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Don’t call it “Free Software”

[This is as much of an essay as it is a complete rant. Take with a teaspoon of salt ;-)]

Arguably the worst thing about Free Software is its name.

There is a perpetual need for its advocates and proponents, such as I, to repeatedly re-explain ad nauseam why we mean “freedom” and not “freebies” when we talk about Free Software.

Just mention “free software” to one uninitiated and they think “freebies.” They either systematically think about not having to pay for a full version of Photoshop or MS Windows, or if they’re more sapient they worry about get rich quick scams, too-good-to-be-true-alarm-bells ringing. They think “yeah, like, illegal downloads, right?”

All this because in his ideological genius, Our Beardy Leader decided to stick with a nomencalture he knew was confusing, all because he wanted to use the word “Free” in one sense, when the rest of the world understood it in the alternative sense.

Here’s the thing: “Free [Things]” has for decades, if not a century or two, meant specifically: [Things] for zeros dollars. It was there first. Vox populi (aided by decades of marketing).

What we’re trying to do here, in muscling the adoption of “Free Software” to mean anything other than “freeware,” is to try and change the popular definition of a word from a top-down, prescriptive stance, against the already perpetuated alternative definition.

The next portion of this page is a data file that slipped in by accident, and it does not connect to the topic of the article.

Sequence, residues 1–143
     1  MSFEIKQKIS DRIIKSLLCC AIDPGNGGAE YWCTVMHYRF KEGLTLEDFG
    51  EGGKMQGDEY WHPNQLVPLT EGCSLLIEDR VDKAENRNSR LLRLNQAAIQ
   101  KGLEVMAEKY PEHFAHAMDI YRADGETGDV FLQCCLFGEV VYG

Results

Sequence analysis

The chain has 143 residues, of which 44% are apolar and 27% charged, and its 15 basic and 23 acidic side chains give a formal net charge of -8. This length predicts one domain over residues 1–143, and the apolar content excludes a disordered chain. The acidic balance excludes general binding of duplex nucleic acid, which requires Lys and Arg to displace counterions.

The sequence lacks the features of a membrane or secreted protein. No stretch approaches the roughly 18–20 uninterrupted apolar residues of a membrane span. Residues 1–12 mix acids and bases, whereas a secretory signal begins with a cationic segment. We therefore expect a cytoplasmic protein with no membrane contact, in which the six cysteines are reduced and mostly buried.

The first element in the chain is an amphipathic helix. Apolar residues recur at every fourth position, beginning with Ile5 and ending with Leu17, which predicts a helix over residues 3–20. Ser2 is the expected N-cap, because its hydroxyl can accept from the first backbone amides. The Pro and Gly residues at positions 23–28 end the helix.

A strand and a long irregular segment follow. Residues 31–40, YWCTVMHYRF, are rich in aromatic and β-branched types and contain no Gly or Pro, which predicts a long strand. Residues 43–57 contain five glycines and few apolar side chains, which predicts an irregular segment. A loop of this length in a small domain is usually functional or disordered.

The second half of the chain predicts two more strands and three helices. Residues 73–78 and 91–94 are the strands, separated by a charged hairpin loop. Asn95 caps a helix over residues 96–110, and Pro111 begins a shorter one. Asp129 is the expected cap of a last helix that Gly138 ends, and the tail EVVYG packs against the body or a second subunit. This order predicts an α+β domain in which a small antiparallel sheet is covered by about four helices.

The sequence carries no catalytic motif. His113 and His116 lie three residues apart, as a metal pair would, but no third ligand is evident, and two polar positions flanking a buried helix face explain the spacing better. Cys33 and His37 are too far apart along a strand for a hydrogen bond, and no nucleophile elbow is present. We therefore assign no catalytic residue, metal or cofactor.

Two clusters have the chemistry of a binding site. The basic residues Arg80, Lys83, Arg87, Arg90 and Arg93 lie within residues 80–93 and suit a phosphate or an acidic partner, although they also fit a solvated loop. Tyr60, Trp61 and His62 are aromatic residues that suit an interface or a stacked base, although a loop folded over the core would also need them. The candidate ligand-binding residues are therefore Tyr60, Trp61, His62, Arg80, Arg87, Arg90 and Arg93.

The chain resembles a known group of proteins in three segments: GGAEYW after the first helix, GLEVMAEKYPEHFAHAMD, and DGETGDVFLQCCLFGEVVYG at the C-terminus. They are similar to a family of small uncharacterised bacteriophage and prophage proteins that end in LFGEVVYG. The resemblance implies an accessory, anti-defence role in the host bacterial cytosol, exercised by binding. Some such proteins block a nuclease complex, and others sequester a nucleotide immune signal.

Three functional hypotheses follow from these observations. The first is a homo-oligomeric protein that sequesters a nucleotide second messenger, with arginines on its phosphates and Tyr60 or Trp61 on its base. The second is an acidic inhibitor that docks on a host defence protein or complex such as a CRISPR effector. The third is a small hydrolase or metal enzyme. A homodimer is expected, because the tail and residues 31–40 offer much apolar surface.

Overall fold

For someone so hung up with words as to clearly advise against calling Free Software an “alternative,” “because it conveys the wrong idea,” Our Beardy Leader seems to be oblivious of the fact that to the common ear, “Free Software” (the idealogical kind) and “free software” (the freebie kind) are one and the same.

They are. They are free. Look up the dictionary definition, you’ll find “available at no cost.” The common person could care less about the alternative definition; if they got it for free, then they got it free. Free. “Gay” means homosexual today, the idea it originally conveyed of being joyous is relegated to the past, like it or not. Similarly, where “free” can indeed mean freedom, the “Free” in “Free Software” also conveys the wrong idea, but Our Beardy Leader isn’t complaining about that.

All our exasperated lot on the ground can do at best is preach to the choir that understands Free as in “free speech,” or come across as pontificating pedants when we patiently explain for the thousandth time that Free Software does not include the likes of Angry Birds Free Edition and the OS X Mavericks free upgrade.

If you need to explain even the name of something to mitigate against being lumped in with your adversaries, you’ve clearly done a bad job at barnding. Like a health food company naming itself after its founder, McDonell. “Unshackled Software” would be a much better name to pointedly insist on freedom. Unweildy perhaps, but it gets that idea of freedom accross WITHOUT lumping itself in with warez and no-dollars-but-pay-with-your-data kind of schenanigans we’re trying to get away from.